Struts1
All Actions have to extend the Action class. Single Action instance is created. So, all actions have to thread safe. Action has to be thread safe, so all objects are passed as parameter.The name of the first method that is invoked for the processing of action, must be execute(), however DispatchAction class can be used to re-route the action to different method within the same action.Return of the execute() method is ActionForward, generated using the methods of the ActionMapping class.                                                                         
Struts2
Action class doesn’t need to extend any class or interface.An action instance is created for each request. Its not shared and its discarded after the request has been completed.Its not mandatory to have the method name as execute(). Any method with proper signature can be invoked through configuration.No objects as parameters are passed to the method. Objects are available to the method using Dependency Injection.Return object of the method is String. Helper interface Action is available for String constants like: “success”, “error”, etc.
The difference in the Action classes also leads to one confusion, of how is the HttpServletRequest, request parameters, Mappings, etc. available to the Action class in the Struts2.
A sample Action class in Struts1 was something like:
public class RemoveEntryAction extends Action {
public ActionForward execute(ActionMapping mapping, ActionForm form, HttpServletRequest request, HttpServletResponse response) throws Exception {
Service service = new Service();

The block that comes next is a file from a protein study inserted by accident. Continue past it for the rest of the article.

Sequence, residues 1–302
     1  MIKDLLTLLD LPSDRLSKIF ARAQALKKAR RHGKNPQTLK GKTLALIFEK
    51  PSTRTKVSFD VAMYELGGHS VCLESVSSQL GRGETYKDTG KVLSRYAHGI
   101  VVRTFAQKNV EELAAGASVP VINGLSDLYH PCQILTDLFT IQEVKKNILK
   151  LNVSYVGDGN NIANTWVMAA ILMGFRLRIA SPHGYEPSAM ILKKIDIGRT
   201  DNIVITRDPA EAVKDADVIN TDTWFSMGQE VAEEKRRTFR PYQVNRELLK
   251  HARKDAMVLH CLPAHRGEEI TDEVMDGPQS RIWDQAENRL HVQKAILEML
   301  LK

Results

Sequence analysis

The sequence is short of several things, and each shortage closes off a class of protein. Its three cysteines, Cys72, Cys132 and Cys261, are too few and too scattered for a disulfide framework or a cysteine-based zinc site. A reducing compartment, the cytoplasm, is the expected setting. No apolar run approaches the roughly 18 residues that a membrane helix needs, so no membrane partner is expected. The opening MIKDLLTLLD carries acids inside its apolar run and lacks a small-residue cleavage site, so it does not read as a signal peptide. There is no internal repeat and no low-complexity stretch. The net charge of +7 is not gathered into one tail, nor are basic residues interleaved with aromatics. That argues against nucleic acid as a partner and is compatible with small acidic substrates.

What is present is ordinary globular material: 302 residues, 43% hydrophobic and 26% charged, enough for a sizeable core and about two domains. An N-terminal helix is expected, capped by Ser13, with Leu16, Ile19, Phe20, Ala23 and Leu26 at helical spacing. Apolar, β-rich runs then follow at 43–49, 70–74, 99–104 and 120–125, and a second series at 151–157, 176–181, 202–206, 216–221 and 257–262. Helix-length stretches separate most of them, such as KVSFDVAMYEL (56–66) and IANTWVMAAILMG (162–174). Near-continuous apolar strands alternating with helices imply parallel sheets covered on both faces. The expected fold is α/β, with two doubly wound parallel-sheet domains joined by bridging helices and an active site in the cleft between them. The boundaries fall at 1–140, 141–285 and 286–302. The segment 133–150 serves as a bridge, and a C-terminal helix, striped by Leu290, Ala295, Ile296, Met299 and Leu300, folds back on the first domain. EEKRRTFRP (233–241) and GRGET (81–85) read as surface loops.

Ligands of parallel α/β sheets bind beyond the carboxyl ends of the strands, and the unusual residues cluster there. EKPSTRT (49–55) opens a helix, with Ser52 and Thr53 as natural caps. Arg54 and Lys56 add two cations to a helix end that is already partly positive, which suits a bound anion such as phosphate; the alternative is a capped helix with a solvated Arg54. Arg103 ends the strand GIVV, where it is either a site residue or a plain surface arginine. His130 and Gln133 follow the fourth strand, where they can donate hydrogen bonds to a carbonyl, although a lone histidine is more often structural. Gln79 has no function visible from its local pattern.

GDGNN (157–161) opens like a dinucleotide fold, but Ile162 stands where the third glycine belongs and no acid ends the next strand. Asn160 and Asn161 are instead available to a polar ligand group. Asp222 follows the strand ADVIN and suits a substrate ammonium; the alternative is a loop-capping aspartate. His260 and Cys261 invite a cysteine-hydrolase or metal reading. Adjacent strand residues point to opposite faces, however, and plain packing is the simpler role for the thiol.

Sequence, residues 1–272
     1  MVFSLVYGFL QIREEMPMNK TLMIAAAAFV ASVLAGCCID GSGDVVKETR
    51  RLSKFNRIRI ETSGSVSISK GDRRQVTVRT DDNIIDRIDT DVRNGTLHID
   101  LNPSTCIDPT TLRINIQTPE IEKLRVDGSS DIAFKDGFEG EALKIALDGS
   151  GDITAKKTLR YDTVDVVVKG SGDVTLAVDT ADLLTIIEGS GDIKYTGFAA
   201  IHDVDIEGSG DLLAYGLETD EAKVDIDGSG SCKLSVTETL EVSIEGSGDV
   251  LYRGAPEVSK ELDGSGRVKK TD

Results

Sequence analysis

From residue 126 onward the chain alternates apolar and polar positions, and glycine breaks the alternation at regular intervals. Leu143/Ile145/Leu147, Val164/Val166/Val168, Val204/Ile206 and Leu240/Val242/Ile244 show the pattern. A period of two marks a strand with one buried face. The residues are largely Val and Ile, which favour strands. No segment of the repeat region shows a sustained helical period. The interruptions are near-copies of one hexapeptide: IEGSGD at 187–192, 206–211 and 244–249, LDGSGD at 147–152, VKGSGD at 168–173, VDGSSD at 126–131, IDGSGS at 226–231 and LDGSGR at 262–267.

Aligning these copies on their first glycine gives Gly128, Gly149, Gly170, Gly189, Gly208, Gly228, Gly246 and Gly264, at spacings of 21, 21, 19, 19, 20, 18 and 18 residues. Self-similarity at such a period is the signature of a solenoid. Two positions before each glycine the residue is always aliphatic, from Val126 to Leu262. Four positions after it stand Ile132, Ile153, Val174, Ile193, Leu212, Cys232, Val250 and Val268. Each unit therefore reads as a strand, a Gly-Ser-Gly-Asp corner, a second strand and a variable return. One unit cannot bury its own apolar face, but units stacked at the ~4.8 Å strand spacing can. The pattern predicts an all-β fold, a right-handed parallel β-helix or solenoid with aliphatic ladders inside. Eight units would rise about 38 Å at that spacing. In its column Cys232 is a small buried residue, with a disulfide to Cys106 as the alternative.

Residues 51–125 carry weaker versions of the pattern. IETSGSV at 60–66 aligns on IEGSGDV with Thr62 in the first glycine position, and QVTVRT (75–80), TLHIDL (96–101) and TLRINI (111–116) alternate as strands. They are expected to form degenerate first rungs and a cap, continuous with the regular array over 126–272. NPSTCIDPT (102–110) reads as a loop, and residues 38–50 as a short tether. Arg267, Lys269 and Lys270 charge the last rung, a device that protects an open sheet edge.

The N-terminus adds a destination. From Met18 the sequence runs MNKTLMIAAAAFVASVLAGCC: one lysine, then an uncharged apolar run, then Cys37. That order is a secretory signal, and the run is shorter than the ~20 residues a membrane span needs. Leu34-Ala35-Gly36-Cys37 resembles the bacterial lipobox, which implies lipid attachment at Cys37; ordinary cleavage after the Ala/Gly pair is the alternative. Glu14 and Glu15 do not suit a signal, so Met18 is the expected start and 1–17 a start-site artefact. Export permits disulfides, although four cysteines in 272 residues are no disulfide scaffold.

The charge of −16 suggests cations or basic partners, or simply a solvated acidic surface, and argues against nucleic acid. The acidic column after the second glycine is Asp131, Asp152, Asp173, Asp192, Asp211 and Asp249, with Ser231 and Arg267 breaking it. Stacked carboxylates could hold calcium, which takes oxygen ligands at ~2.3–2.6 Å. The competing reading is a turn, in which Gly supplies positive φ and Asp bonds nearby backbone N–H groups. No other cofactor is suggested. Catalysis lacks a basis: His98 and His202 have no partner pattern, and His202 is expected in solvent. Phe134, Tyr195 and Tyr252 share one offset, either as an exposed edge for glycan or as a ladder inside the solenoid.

String id = request.getParameter(“id”);
service.delete(Integer.parseInt(id));
return (mapping.findForward(“success”));
}
}
As we can see that id is fetched from the request. Service is a Service class or it can be a facade.
RemoveEntry is one action, Similarly we would have multiple Action classes for different actions.
Actions like making new entry, updating entries, finding entries, etc.
And all the action classes related the Entry would be similar, in the sense, all would retrieve id from the HttpServletRequest, instantiate Service, and call some method of the Service class.
This is how things were in Struts1.
In Struts2, since a new object would be created for each request, we can have class level variables, we can have some setter methods, and above all we can write all the actions within the same class.
So, we can have a class level variable like Service( for Service class), and id( for id retrieved from HttpServletRequest), we can have setter methods for these class level variables.
Assume, we want to write the Action class like this:
public class EntryAction {
private int id;
private Entry entry;
private Service service = new Service();